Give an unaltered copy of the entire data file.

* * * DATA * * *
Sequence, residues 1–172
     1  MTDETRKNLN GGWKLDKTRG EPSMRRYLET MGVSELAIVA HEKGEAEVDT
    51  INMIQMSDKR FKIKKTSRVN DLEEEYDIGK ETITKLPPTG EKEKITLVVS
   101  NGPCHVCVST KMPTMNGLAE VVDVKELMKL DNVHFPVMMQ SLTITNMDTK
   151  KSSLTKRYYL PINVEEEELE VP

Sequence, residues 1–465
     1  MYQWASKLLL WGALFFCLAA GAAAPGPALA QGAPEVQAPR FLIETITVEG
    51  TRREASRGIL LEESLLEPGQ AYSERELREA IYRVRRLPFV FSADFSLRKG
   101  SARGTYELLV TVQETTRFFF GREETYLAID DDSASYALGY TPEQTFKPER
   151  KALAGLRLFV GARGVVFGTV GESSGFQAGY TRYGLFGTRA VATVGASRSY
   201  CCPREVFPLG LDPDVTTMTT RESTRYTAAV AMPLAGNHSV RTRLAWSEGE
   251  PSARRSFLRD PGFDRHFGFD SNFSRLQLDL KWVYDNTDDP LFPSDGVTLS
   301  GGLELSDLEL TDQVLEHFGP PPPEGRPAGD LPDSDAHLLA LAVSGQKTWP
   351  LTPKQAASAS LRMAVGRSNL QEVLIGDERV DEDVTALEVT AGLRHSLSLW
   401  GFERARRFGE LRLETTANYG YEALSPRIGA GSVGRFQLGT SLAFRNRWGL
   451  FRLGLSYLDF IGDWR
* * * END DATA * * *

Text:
Sequence, residues 1–172
     1  MTDETRKNLN GGWKLDKTRG EPSMRRYLET MGVSELAIVA HEKGEAEVDT
    51  INMIQMSDKR FKIKKTSRVN DLEEEYDIGK ETITKLPPTG EKEKITLVVS
   101  NGPCHVCVST KMPTMNGLAE VVDVKELMKL DNVHFPVMMQ SLTITNMDTK
   151  KSSLTKRYYL PINVEEEELE VP

Sequence, residues 1–465
     1  MYQWASKLLL WGALFFCLAA GAAAPGPALA QGAPEVQAPR FLIETITVEG
    51  TRREASRGIL LEESLLEPGQ AYSERELREA IYRVRRLPFV FSADFSLRKG
   101  SARGTYELLV TVQETTRFFF GREETYLAID DDSASYALGY TPEQTFKPER
   151  KALAGLRLFV GARGVVFGTV GESSGFQAGY TRYGLFGTRA VATVGASRSY
   201  CCPREVFPLG LDPDVTTMTT RESTRYTAAV AMPLAGNHSV RTRLAWSEGE
   251  PSARRSFLRD PGFDRHFGFD SNFSRLQLDL KWVYDNTDDP LFPSDGVTLS
   301  GGLELSDLEL TDQVLEHFGP PPPEGRPAGD LPDSDAHLLA LAVSGQKTWP
   351  LTPKQAASAS LRMAVGRSNL QEVLIGDERV DEDVTALEVT AGLRHSLSLW
   401  GFERARRFGE LRLETTANYG YEALSPRIGA GSVGRFQLGT SLAFRNRWGL
   451  FRLGLSYLDF IGDWR